Diet is an important part of Altum health. Many hobbyists are tempted to feed tubifex or blood worms, but these are both cultured in raw sewage and carry far too many pathogens to be considered a viable food. This applies to freeze-dried, frozen, and live.
So far so good. I got home from work and no deaths. I will keep you updated tomorrow. Today I am slowly raising the temperature from 82.5 to 85-86. My PH is 6.8 and worried about adjusting it to 6.4. The fish at the time of purchase were in a tank with a PH of 7. Would it be to much to lower to a 6.4. This would make a 3rd PH adjustment in 3 days. I need a fast response about PH & the best way to adjust to 6.4. I am thinking of using Sachem buffer. Thanks, Thanks, Thanks.



P.S I am feeding Live Brine shrimp in the AM & Blood Worms At Night. So you think i should do without the Blood Worms. The reason i feed them, is the fish seem to respond better to them.
 

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Stability is more important than dropping the PH. Your current method of controlling PH may slowly bounce back up, particularly if your water isn't acidic (soft). You can lower the PH 0.1 every day without too much concern. This kind of change occurs in nature during seasonal rain and drought.

I strongly suggest you pick up a general hardness kit and look into lowering the hardness with an ion exchange resin or with distilled reverse osmosis & deionized water. Start with pure water and add buffer (sodium bicarbonate etc) until you get to the desired hardness.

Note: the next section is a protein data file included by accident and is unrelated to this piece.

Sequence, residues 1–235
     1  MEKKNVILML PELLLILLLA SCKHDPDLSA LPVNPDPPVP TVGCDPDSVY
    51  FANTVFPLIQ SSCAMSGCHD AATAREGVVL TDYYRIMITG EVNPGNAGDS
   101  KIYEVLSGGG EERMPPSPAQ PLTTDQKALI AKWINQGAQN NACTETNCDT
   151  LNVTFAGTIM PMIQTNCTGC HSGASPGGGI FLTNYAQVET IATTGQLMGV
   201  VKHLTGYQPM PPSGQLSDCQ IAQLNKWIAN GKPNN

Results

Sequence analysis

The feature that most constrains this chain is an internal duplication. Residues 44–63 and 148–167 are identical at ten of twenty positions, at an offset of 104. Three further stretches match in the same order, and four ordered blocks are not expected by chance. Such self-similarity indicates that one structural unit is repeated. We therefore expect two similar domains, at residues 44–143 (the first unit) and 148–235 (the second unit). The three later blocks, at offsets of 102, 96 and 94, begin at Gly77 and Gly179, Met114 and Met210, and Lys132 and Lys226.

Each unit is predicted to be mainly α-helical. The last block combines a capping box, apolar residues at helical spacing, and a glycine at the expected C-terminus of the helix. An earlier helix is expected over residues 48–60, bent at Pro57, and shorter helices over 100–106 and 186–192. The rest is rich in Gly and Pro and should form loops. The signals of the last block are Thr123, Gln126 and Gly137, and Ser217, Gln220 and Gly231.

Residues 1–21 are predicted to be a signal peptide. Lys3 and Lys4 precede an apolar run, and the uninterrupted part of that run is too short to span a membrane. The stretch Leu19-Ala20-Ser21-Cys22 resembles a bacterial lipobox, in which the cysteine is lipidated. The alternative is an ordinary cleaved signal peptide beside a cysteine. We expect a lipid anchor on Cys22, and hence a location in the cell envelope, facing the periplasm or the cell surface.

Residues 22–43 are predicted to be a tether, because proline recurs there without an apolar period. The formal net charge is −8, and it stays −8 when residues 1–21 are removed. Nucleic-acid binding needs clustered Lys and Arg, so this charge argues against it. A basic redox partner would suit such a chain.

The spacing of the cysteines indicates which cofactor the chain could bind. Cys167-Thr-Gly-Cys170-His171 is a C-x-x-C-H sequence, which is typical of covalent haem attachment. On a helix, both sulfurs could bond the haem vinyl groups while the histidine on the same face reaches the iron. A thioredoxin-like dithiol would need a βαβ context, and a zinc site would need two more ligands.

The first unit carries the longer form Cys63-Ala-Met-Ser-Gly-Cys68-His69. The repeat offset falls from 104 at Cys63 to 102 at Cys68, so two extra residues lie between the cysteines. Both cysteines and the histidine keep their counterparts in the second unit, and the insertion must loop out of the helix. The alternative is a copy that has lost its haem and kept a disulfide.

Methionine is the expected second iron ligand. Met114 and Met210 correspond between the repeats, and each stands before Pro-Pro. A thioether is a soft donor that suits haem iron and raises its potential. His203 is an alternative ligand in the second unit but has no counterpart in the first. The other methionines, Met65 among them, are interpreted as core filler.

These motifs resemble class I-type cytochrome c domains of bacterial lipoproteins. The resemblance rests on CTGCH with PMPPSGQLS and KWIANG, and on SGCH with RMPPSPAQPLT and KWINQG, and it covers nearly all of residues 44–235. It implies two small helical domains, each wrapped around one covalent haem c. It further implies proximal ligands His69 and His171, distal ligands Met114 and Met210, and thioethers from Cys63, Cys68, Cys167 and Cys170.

Getting the fish to eat is paramount. Getting them to eat what you want them to eat is secondary. For this reason, bloodworms will work for now.
 

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Discussion Starter · #13 ·
I went & purchased some Phagnum Peat Moss. I took out my OLD HOB filter and filled up two mesh bags with about 8 oz each. 16 oz total of peat. I figured this would be the safe slow way to drop my ph from 6.8 to 6.5
 

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Discussion Starter · #15 ·
My next angel is almost dead:(. I will be left with 3 out of nine soon.

PH dropped 6.8-6.7 from use of peat.
Temp Now 85.5.

Can only hope that the rest survive.
 

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I wish we could figure out what the problem is here. I can't imagine it's anything water quality parameter related since your setup sounds spot on. Like mr.wilson said, something viral could definitely be at work here. Sorry to hear that another one is on its way out =(
 

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Water quality is important to keep stress in check, but it doesn't cause fish mortality in and of itself. I would move on to medicating them while you still have three left.